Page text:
Lesson 1.2 – Assignment 1:3 In response to #6: Write a summary of three significant points that you find most interesting in the final chapter of If This is Your Land, Where are Your Stories?
If This is Your Land, Where are Your Stories? Finding Common Ground is the title of Chamberlin’s book. This title sets the stage, because the text centres on the power and impact of stories. Stories connect us with our past, with each other, and with universal truths. Story telling is an important skill, because it is how we make connections. This article from Psychology Today is about the power of storytelling. Chamberlin uses stories, both his own and others, to make his point throughout the text – there exists a Them and Us mentality that includes a separateness with clearly established borders. Additionally, he addresses the need for each side to find common ground with the other.
The final chapter of this book goes full circle, and reinforces the point he makes in the first chapter when he writes the “dream of a common culture, celebrating common meanings and values, with ceremonies that confirm a common purpose” is not possible without contraction, because “the real power of ceremony is not in achieving peace… but in embracing contraction” (25). The last chapter supports this message through Chamberlin’s proposal for “ceremonies of belief” that are at their centre, contradictory (239-40). “The notion of contradictory truths” is looking at something from two points of view (221). Things can be both true and not true at the same time, as in “a setting sun” on a flat horizon versus “a round earth” that encircles the sun (221). The way to reconcile these contradictions is through a melding of reality with the imagination. Having the ability to imagine the world though another’s eyes, and see things with a new perception. This too has to do with borders, but it is with breaking down the borders, looking beyond the stories we tell ourselves, and experiencing reality from a new perspective. In the last chapter, “Ceremonies” (219) he writes that through shared ceremonies a common ground can be found. This is possible when both sides come together, and understand each other’s stories through “ceremonies of belief” (222).
Chamberlin suggests the solution ends with land title, and I felt this was the most important point he makes in the book. He proposes changing the “underlying title back to aboriginal title” (229). In doing so, he says that things would stay the same, but yet they would not stay the same, because “[o]ur understanding of the land would change. Our understanding of ourselves would change. Our understanding of aboriginal peoples would change” (231). He writes that this change in land title “would finally provide a constitutional ceremony of belief in the humanity of aboriginal peoples in the Americas” (231). It is a radical, yet interesting proposal that he makes. This solution, if possible to carry out, would address many of the wrongs done to our First Nations communities. It would go a long way in creating common ground for all peoples living in Canada. But before we could begin this process, “we need to find a ceremony that will sanctify the land for everyone who lives on it” (227). We would also need to use imagination, while melding each side’s past, present, and future realities together.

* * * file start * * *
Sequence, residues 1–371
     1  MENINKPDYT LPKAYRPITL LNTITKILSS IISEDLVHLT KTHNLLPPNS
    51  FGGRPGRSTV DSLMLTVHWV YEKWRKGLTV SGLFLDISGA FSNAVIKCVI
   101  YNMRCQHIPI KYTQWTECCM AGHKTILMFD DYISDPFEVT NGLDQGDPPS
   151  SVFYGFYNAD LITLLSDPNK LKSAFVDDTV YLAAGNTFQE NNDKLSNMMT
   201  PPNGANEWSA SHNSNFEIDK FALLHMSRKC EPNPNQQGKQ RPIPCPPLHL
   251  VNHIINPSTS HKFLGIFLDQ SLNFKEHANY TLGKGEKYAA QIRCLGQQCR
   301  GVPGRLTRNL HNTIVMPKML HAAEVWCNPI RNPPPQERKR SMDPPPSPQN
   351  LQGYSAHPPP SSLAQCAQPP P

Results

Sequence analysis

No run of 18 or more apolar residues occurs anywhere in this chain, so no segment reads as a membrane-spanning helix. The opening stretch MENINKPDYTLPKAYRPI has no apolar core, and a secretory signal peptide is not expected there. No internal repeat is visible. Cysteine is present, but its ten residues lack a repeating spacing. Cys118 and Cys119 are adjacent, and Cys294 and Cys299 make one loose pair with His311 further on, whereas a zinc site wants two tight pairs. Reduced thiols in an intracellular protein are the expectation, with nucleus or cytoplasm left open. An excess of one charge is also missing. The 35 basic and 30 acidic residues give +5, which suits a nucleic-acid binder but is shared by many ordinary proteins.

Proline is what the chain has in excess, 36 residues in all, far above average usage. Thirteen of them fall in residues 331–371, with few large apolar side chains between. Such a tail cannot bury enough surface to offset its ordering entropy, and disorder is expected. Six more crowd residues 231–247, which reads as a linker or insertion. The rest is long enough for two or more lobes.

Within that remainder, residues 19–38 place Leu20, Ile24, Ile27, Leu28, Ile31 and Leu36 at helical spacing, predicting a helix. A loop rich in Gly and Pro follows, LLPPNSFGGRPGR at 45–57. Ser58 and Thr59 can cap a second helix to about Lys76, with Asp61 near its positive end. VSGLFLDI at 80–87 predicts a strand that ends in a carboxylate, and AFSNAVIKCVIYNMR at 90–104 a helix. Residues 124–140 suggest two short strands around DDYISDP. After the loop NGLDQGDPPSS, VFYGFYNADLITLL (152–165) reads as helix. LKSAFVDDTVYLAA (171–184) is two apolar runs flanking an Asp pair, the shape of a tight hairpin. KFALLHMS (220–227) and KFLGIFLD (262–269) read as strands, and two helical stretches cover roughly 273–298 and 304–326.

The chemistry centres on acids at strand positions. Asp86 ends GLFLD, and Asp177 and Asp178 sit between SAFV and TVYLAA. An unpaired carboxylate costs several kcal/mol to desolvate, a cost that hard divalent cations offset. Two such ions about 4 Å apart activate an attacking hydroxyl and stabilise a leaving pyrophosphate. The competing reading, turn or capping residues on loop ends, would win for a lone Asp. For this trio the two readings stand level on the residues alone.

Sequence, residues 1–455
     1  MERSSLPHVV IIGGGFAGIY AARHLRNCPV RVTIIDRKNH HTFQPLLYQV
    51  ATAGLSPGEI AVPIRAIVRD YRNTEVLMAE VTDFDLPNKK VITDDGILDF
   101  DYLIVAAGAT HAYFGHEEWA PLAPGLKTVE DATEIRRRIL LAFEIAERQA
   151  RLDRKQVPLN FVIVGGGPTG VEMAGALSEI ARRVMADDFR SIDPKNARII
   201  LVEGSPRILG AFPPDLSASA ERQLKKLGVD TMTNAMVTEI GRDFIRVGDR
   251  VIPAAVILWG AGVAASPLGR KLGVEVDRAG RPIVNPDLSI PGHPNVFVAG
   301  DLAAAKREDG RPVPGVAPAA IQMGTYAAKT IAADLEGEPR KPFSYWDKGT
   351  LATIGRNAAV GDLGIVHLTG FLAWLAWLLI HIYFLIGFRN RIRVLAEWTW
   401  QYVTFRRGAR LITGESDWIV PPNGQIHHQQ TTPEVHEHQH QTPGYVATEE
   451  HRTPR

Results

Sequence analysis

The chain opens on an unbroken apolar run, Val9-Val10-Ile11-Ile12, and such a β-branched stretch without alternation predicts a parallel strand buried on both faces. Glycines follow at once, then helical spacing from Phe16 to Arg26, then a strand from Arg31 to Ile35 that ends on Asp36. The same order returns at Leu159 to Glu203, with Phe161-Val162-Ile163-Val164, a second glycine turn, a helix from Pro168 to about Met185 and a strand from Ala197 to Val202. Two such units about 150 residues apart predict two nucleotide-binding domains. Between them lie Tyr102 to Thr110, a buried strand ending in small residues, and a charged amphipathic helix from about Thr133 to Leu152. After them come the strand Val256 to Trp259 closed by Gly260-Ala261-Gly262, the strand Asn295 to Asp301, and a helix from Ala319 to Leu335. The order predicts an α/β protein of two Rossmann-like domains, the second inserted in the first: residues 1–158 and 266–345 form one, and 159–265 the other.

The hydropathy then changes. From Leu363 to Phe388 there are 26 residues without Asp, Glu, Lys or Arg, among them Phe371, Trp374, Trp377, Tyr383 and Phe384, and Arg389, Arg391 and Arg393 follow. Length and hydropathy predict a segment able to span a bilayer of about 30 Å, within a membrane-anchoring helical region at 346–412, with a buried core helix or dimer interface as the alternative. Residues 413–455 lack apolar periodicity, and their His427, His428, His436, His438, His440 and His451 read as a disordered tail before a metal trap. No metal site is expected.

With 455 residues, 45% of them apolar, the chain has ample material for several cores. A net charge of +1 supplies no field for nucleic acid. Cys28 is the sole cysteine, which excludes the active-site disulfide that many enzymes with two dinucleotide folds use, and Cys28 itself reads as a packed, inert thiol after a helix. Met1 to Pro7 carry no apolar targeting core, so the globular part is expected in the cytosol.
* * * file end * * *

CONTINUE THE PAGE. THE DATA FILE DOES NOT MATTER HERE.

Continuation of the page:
Lastly, he concludes that the common ground necessary to bridge the distance between Them and Us is not something concrete, but instead is a “state of mind” (239). It is understanding that there are many different truths, and just because one is different from another, it does not make it wrong. Instead if each side looked at truth as having “to do with ceremony, not evidence”, this would open up understanding, because there are many different truths, and many different realities (147). Pink Floyd released the song Us and Them as a single on February 4, 1974 in protest of the Vietnam War, and the song is searching for meaning in the futility of conflict. It addresses how people treat each other, both collectively and individually. In many ways this song ties into Chamberlin’s suggestion in the final chapter of this book, where he leads the reader to a reimagining of Them and Us.
Chamberlin, Edward J. If This is Your Land, Where are Your Stories? Finding Common Ground. Toronto: Knopf, 2003. Print
Copeland, Scott. Image 16 of 19. N.D. Print of High Quality Giclee Process. Northwestcoastindianart.net. Web. 20 May 2016.
Pink Floyd. “Us and Them.” Online video clip. YouTube. YouTube, 20 Sep 2008. Web. 20 May 2016.
Rutledge, Pamela B. “The Psychological Power of Storytelling”. Psychology Today. 16 Jun 2011. Web. 20 May 2016.